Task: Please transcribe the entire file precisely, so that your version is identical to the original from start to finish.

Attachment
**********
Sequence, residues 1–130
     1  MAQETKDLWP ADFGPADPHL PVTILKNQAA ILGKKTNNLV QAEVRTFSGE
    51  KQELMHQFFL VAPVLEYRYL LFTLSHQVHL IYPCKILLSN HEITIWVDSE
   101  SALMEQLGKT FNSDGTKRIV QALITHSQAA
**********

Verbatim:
Sequence, residues 1–130
     1  MAQETKDLWP ADFGPADPHL PVTILKNQAA ILGKKTNNLV QAEVRTFSGE
    51  KQELMHQFFL VAPVLEYRYL LFTLSHQVHL IYPCKILLSN HEITIWVDSE
   101  SALMEQLGKT FNSDGTKRIV QALITHSQAA